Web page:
Academic journal article Historical Studies

Bishop (John) McNally and the Benedictines of Ampleforth

Academic journal article Historical Studies

Bishop (John) McNally and the Benedictines of Ampleforth

Article excerpt

In April 1912 two Benedictine monks from Ampleforth in England arrived in Edmonton to study the possibility of establishing a monastic foundation in the western provinces. Father Oswald Smith, Abbot of Ampleforth Abbey, and Father Vincent Wilson had been invited to the "geographical centre of all the North-West" (1) by Bishop Emile Legal of St. Albert, who had in mind an institution of higher learning for Alberta.

According to Bishop Legal: "Here is an enormous continent newly open to colonization which is filling rapidly with [a] numerous and continuous onrush of land-seekers. The population is large already, but will increase rapidly." (2) The desire of Catholics settling in western Canada, especially English-speaking Catholics, was to have a Catholic institution under the management of an English-speaking congregation. (3)

During the following year, the Benedictines began their "Canada College," in Calgary rather than Edmonton. Within a year a mission was incorporated for the Congregation, plans for the proposed institution nearly finalized, and footings poured for one wing of the main building.

In March 1914, the Benedictines abandoned the Canadian project and eventually returned to Ampleforth. They had decided, as they explained to Calgary's Bishop John Thomas McNally, that "our scheme of corporate life and collegiate work at Calgary is not practicable in this generation." (4) Their departure from Calgary, a city with a largely English-speaking population, has been a puzzle, their reasons a well-kept secret. In light of new documentation, this paper examines the events that led to their leaving, seemingly a missed opportunity in the history of education in western Canada.

No one was more aware of the need of English-speaking educators than Bishop McNally, who had been handed the herculean task of organizing the Diocese of Calgary shortly after it was erected 30 November 1912, when the Diocese of St. Albert was divided into the dioceses of Edmonton and Calgary. Previously the Oblates of Mary Immaculate (O.M.I.), missionaries in the area for over fifty years, had been in charge of the larger centres and missions. (5) Their language of instruction was French. As McNally endeavored to integrate his non-English-speaking and non-French-speaking adherents, the diocese and the Benedictines became embroiled in the ethnic and cultural tensions that were prevalent between the two large linguistic groups in Canadian Catholicism.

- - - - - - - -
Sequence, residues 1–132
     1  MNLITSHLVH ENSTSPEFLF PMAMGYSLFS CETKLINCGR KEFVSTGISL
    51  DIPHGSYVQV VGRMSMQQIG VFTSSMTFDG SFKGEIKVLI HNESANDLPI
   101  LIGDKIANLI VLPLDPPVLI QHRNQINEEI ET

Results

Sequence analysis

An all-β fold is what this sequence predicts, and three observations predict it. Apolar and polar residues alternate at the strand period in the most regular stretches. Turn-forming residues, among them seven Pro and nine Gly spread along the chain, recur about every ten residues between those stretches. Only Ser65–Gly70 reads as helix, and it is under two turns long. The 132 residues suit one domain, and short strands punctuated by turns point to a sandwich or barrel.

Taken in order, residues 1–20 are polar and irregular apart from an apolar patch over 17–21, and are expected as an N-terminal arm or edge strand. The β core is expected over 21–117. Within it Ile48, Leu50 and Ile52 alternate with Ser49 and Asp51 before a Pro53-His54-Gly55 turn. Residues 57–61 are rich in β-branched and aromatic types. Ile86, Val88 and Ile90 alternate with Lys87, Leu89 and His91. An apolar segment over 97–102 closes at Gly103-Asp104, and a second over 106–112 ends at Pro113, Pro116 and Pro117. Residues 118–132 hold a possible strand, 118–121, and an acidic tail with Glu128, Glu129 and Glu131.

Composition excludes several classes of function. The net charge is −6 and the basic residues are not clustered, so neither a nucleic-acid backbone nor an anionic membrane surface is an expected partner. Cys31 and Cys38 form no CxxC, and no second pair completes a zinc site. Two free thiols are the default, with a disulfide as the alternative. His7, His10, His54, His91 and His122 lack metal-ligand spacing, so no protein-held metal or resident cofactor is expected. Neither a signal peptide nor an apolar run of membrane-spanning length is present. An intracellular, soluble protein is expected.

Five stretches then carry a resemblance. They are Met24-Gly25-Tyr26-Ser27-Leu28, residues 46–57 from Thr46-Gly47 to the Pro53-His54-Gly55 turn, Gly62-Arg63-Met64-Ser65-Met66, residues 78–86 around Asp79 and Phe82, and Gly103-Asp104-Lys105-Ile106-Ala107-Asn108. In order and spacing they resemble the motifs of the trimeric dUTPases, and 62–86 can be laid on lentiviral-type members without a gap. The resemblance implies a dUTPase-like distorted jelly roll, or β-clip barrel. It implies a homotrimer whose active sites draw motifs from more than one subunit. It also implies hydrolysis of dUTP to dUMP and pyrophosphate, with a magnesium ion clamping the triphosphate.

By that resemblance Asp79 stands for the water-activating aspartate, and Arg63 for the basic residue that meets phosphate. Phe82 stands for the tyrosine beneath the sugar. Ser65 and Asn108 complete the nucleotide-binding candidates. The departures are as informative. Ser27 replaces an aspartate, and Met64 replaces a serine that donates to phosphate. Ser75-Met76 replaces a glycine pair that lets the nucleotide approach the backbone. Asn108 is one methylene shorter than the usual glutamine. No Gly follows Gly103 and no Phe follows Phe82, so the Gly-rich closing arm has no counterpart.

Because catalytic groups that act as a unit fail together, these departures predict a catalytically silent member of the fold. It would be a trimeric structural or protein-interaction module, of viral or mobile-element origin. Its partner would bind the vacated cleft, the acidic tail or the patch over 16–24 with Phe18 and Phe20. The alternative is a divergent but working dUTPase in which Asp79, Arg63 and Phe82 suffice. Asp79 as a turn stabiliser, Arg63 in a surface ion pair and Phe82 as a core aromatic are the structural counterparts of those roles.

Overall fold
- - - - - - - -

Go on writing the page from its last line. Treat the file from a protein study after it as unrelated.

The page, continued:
John Thomas McNally was the first English-speaking Roman Catholic bishop of the prairies. A native of Prince Edward Island, he was forty-three years old and of Irish descent. He was an ultramontanist, a believer in an emphasis on the authority of Rome in matters of ecclesiastical government. He was also an imperialist, "proud of the great British Empire which encircles the globe." (6) As such, he had the credentials needed to implement English as the language of instruction and communication in the Diocese of Calgary.

McNally was ordained in Rome 4 April 1896, a candidate for the priesthood from the Diocese of Ottawa. After receiving doctorates in theology and philosophy, he returned to Ottawa to serve as a curate for three years. He then applied for a transfer to Portland, Oregon, and became Secretary to Archbishop Christie for four years. After returning to Rome for two years of further study, he accepted pastoral appointments for the Diocese of Ottawa, at Old Chelsea, Quebec, and Almonte, Ontario. His experience with French-English relations was honed by an appointment to notary service at the Plenary Council of Canadian Catholic Bishops, held at Quebec in 1909. The Canadian Church looked forward with firm confidence to McNally's "great achievement for the Church in Calgary." (7)

En route to the diocese after his consecration in Rome 1 June 1913, presided over by Diomede Cardinal Falconio, the first permanent Apostolic Delegate to Canada, Bishop McNally visited Francis Cardinal Bourne in London, and spoke to him about the Benedictine College. …

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